Malmfred was born around 1095 to Grand Prince Mstislav I of Kyiv and Princess Christina Ingesdotter of Sweden. She was also given the title Malmfred Haraldsdotter of Holmgard, which was the Norwegian version of her name. Malmfred was first a queen of Norway, then later Denmark. Malmfred’s story shows a strong connection with Kievan-Rus’ and different royal houses of Northern Europe. Even though her father Mstislav was from Kievan Rus’, her mother was Swedish, and her paternal grandmother was English. She ruled as the queen of Denmark by marrying Erik Emune, King of Denmark after her first husband, King Sigurd of Norway died. She remained queen of Denmark until her death in 1137. 

Vysheslava (1095-1137)

Vysheslava Svyatoslavna was born around 1095; a Kievan Rus’ princess and member of the Rurikid Dynasty, she later became the Duchess and subsequently Queen of Poland after marrying King Bolesław II the Bold. Vysheslava was crowned Queen of Poland alongside her husband on Christmas Day in 1076 in the Gniezno Cathedral. However, their reign did not last long; in 1079, Vysheslava, her husband, and their son Mieszko were exiled in Hungary. Two years later, her husband Bolesław died under mysterious circumstances, presumably by poison. Vysheslava eventually returned to Poland in 1086 with her son Mieszko.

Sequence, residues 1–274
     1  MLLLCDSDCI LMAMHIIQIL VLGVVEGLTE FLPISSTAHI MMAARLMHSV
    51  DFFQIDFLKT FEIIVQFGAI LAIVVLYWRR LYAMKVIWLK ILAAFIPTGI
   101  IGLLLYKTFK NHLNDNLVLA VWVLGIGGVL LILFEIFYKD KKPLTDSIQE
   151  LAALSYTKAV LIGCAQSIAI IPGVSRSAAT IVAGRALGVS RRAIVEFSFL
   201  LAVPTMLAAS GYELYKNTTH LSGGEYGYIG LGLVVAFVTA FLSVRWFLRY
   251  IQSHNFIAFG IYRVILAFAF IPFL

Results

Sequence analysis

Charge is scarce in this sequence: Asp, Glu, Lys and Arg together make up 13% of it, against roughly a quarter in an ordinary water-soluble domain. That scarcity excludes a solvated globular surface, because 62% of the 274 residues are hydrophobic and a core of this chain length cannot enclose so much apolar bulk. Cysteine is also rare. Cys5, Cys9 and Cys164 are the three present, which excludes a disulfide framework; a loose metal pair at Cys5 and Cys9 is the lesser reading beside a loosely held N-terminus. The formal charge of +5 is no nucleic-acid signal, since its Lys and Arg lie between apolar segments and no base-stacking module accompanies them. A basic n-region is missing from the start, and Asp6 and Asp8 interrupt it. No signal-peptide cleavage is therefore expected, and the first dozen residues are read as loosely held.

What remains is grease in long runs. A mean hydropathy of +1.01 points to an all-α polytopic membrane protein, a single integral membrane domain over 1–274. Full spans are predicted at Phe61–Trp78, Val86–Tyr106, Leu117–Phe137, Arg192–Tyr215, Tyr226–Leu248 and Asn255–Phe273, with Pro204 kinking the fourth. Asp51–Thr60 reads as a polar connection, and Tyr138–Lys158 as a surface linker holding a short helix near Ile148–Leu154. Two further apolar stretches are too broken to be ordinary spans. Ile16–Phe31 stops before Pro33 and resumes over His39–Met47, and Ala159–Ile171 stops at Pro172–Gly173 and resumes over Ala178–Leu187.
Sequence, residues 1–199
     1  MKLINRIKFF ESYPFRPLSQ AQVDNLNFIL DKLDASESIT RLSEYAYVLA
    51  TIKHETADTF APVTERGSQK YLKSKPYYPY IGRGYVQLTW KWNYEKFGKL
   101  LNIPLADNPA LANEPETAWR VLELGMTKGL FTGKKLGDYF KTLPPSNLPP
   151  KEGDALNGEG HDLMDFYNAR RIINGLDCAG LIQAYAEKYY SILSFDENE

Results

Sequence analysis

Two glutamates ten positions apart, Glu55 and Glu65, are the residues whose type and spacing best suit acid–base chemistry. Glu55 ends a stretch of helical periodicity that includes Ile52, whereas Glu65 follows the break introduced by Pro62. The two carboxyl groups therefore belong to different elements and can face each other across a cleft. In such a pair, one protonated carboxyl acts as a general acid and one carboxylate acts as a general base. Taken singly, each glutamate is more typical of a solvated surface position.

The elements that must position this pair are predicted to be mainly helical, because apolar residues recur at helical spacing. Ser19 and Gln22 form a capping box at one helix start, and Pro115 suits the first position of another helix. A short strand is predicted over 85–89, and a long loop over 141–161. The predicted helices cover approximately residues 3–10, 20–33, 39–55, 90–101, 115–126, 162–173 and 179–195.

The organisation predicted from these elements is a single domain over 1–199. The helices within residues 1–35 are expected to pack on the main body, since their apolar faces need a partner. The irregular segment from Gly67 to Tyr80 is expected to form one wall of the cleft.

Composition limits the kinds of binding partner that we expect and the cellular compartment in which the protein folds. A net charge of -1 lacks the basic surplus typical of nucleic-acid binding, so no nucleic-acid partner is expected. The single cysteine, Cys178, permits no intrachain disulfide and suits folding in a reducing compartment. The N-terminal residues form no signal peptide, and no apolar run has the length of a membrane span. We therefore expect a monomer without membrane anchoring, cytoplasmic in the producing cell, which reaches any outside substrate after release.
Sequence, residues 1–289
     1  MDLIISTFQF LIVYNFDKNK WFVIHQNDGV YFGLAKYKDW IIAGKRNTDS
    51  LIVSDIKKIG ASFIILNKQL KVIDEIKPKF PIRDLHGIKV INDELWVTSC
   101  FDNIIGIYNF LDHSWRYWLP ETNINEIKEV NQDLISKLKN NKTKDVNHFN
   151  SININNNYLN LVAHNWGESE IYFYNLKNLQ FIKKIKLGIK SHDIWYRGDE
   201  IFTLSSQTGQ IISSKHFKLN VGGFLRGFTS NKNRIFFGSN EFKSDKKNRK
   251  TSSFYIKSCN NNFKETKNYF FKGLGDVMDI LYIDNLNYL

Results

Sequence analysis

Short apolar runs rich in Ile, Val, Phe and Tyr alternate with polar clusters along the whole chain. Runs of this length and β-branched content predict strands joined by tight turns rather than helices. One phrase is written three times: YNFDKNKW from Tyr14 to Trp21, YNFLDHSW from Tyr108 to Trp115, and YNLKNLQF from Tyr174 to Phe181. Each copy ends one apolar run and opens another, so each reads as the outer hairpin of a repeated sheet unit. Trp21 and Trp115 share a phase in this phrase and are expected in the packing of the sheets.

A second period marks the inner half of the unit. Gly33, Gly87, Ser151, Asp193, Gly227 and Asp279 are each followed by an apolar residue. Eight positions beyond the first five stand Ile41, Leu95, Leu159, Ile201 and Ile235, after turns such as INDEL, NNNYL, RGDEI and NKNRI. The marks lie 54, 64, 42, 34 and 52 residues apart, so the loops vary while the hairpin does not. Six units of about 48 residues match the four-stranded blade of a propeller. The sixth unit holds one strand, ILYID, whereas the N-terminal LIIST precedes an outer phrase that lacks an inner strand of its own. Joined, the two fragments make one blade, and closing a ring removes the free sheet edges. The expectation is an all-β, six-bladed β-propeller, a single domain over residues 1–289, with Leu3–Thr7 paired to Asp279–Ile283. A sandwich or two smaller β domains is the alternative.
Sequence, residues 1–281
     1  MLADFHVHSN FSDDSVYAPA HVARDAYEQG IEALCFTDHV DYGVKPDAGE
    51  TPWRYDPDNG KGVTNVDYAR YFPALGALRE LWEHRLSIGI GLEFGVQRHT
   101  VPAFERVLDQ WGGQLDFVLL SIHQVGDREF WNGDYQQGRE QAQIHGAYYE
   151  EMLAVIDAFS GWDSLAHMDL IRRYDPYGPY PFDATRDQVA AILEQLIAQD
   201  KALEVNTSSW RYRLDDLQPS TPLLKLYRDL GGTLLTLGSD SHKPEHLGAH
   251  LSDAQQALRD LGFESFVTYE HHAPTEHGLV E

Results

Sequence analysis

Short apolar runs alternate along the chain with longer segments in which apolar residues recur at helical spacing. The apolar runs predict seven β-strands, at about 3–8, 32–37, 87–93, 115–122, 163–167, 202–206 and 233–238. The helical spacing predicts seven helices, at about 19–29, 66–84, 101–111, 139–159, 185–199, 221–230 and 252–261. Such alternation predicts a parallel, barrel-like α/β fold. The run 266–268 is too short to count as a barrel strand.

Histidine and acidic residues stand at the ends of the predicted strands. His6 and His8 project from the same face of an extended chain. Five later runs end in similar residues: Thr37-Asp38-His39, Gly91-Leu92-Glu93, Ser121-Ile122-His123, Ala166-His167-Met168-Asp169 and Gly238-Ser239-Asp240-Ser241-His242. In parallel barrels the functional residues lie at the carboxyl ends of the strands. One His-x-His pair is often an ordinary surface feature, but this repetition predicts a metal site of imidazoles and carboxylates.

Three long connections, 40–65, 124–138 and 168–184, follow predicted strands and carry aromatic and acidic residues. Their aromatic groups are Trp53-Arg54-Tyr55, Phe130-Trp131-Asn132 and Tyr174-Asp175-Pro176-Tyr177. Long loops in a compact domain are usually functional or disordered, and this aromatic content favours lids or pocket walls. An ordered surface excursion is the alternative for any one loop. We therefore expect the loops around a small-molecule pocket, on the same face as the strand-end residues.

Eupraxia (1071-1109)

Eupraxia was the daughter of Vsevolod I, Prince of Kievan Rus’, and his Belarusian wife, Anna of Polock. She was first married to Henry I the Long, Count of Stade and margrave of the Saxon Northern March. Unfortunately, Henry died in 1087 before they were able to have any children. After her first husband’s death, Eupraxia moved to the convent of Quedlinburg, where she met the Saxon king, Henry IV. Henry was amazed by Eupraxia’s beauty, and he became engaged to her in 1088 after his first wife died. The couple married in August 1089 in Cologne, and after the wedding, Eupraxia became the Empress of the Holy Roman Empire, and assumed the name Adelaide. However, their marriage took a turn for the worse when Henry held Eupaxia prisoner at the monastery of San Zero during his campaigns in Italy. She escaped in 1093 and fled to Canossa, where she sought the aid of Matilda of Tuscany, one of Henry’s enemies. She made a public statement accusing Henry of holding her against her will and subjecting her to cruel treatment. Eupraxia eventually decided to leave Henry, and she left Italy for Hungary, where she lived until 1099. She returned to Kyiv that year, and eventually became a nun until her death in 1109.